Good evening my name’s Tiago and as Lisa said I teach an online class which is an introduction to getting things done. I know that many of you know what getting things done is. Basically it’s a productivity philosophy and a method created by this guy, David Allen. So over the past year I’ve introduced hundreds of people to GTD, but one question always nagged me, which is is this making a difference subjectively? So I decided that I needed a way for me and my students to track changes in productivity over time. This system had to be simple, had to be mobile, had to not require too much time for behavior change because it’s for basically beginners, and it obviously needs to provide real insights. So I started off tracking tasks completed over a period of nine months from October of last year to June of this year. Over the same time period I tracked total hours worked much like David. Dividing the first by the second gave me a basic measure of productivity, which is task’s completed per hour which is the red line. My data suggests that there was a 240% variation over nine months, which has huge implications if you consider that a 2% increase in your productivity gives you a whole extras week of worktime per year. So let’s look at these two types of data more closely. To do time tracking I used an IOS app called Hours Tracker, it’s a simple manual clock in clock out system. And for tracking my tasks I used a track manager called Things, which has a Mac version and and IOS version. I would recommend Hours Tracker highly because it has very strong data export, but if I had to do it again I wouldn’t use Things just because there’s no data export which meant manually counting each completed task, not so fun. Here you can see the Hours Tracker interface. It shows you a list of all your active projects; I had about 40. Tapping on one with two fingers logs you into that project and automatically logs you out of the previous one. Here you can see a screenshot of the logbook in Things, which is a log of every task and you can see that I can see the date it was created and the date it was completed which was the basis of my data. So I actually identified 12 different pitfalls, 12 different weaknesses or dangers in trying to reduced something as complex as productivity to one number. I’m only going to have time to talk about three of them. The first and probably the biggest is that not all tasks are created equal right. Some are more difficult than others. Some take more time than others. Some may take much longer but provide many times the value of something that is faster. In each case however every time I produced three main pitfalls at least I found that there was a GTD principle that addressed it or at least minimized the pitfall. I actually found that having GTD structured my work to a degree that allowed tracking to be much easier. So, for the first pitfall GTD has a principle called the next physical action, which says that instead of writing down to-do’s as vague projects, clean garage, design website as many of us tend to do, you should reduce every task to a next physical action. So what is the specific tangible thing that you do next? So this isn’t a perfect solution, but it goes a long way towards breaking down all your different projects into tasks that are much more uniform. The second is that not all tasks are captured in the system. Spontaneous tasks, very easy tasks, interpersonal tasks like discussing, giving feedback, talking about something. Abstract tasks like thinking, imagining, brainstorming, designing. All of these categories of tasks are very difficult to capture in the system GTD has a principle that helps with this which is the collection habit, which is basically the idea that instead of trying to keep a list of the to-do’s in your head, the instant something occurs to you, you should write it down and capture it. So this really helps in making sure that at least you’re consistent over time and capturing everything from your brain into your system. And third is that not all tasks are checked off right away right. I don’t know of a way to automate this. I knew that when I started this experiment that I wanted a week by week graph of changes in my productivity. But in order for that to be possible I had to make sure I was checking off each task the same week that I completed it, if I was checking off something two weeks later, my data’s completely messed up. So GTD has a practice, a habit called the weekly review. So the weekly revue is basically a specific checklist of things that I run through at the end of every week to make sure I’m ready for the next week. And one of those items for me was, go through the to-do list and check off all completed tasks. So I know or that I’m pretty confident that at least on a weekly basis if not more often I was checking off everything I did. I started looking for correlations between certain behaviors and productivity at the end of my experiment. I found four positive ones, all of these are counterintuitive. All of these are the opposite of very well established productivity principles. I found that having more active projects, some more balls in the air, switching tasks more often, spending more hours working and spending more time on email were all correlated with higher productivity. And two negative ones, which one of these is also counterintuitive. Actually focusing for more time on one thing, in other words average work session was actually negatively correlated, as was time in meetings. Unfortunately as interesting as these are with a sample size of only 39 weeks I needed a correlation of .26 to be statistically significant. So unfortunately I can’t draw strong conclusions from these numbers. But I can draw three general insights that have been very impactful. The first is that simplistic assumptions of productivity are not necessarily true. If email, meeting, and task switching were so damaging the productivity like everyone assumes I would have expected strong negative correlations which I did not. The second is that small constraints can actually improve performance. So you would think having to clock in and out of jobs, for me on average eight times a day would reduce efficiency; something extra you would have to do. But I actually found that it helped me batch process my work, helped me focus on one thing at a time, and at the very least made me aware when I was switching rapidly between things. And third which is the most simple insight but also the most important for me is that large improvements in productivity are possible. I really don’t think I would have believed a number anywhere close to 240% if I didn’t have the data. I really believe and this is why I do what I do that if more people had this kind of data about themselves they would be much more inspired, motivated to learn about productivity, which is why I believe self-tacking is the future of productivity. I’m looking for collaborators. My next class is going to be basically QS for beginners, so please connect with me tonight or via Twitter or Email.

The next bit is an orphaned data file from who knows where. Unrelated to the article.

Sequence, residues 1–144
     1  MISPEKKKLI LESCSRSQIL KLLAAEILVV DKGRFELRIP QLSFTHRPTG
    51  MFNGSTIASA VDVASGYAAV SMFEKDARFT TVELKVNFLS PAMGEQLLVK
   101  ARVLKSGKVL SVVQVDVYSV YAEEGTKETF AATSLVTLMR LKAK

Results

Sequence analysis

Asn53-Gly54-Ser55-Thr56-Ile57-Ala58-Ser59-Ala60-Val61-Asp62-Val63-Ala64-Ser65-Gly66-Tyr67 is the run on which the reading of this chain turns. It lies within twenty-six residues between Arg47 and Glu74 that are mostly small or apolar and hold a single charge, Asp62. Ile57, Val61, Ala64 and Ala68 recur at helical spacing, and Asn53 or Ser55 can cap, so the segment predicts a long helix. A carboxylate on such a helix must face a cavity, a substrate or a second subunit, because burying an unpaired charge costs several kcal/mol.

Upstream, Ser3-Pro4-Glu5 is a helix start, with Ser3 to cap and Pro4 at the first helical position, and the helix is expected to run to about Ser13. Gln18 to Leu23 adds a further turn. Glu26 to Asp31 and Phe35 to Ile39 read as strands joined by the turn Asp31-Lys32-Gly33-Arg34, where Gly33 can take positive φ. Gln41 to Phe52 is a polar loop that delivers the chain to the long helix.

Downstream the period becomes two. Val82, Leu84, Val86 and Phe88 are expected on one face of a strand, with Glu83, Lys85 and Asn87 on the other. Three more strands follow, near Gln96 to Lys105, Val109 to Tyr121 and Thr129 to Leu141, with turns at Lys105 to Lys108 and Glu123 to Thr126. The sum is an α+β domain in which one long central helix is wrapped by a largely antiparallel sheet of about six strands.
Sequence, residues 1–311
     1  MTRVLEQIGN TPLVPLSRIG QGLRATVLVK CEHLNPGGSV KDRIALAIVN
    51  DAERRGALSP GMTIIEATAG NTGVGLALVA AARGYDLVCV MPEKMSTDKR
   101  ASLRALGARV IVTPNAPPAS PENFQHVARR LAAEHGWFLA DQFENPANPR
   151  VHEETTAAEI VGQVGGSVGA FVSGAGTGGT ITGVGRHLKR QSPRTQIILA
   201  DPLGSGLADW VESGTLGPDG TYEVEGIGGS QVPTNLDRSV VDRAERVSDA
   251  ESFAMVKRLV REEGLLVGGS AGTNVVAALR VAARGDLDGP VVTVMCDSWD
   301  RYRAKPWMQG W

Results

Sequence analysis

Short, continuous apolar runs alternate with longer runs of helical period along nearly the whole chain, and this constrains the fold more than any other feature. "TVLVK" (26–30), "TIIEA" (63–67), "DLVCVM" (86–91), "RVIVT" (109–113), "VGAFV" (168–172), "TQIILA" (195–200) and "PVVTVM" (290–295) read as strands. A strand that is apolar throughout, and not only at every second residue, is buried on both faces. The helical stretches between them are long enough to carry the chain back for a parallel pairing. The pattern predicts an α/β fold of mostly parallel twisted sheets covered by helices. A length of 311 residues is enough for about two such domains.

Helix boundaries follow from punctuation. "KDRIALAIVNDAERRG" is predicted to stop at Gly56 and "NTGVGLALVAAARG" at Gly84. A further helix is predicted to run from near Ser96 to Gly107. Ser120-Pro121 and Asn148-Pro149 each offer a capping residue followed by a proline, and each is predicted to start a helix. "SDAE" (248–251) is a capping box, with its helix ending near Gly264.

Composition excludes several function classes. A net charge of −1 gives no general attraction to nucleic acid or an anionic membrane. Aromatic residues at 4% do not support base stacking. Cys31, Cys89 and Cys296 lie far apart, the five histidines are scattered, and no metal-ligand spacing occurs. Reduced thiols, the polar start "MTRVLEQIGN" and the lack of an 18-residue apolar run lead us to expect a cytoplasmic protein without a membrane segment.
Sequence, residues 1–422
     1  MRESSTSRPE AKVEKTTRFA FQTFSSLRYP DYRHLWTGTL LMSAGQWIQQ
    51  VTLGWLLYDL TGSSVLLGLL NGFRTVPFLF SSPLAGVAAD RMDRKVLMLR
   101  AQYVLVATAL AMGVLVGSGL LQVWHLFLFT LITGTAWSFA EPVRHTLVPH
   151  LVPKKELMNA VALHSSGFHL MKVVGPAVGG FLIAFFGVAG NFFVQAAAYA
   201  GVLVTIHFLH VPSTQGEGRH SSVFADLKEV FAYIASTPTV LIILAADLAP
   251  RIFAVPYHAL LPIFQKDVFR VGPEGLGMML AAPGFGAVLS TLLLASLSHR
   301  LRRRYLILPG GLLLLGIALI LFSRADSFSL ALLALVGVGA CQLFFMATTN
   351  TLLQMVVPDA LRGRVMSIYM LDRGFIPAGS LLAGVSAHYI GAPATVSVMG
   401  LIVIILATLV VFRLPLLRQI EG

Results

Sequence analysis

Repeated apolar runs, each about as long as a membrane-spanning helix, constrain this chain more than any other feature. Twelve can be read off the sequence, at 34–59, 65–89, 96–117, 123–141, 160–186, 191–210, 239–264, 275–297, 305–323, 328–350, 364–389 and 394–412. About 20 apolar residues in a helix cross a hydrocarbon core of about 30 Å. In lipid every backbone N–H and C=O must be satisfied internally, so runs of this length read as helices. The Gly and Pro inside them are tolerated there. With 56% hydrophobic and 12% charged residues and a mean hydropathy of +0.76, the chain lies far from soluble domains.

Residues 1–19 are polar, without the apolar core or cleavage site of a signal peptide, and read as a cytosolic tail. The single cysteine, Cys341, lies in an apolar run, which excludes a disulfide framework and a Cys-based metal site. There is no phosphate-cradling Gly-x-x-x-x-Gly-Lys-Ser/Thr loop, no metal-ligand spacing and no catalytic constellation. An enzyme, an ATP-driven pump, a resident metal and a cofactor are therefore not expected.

Thank you very much.
About the presenter[edit | edit source]
Tiago Forte gave this talk.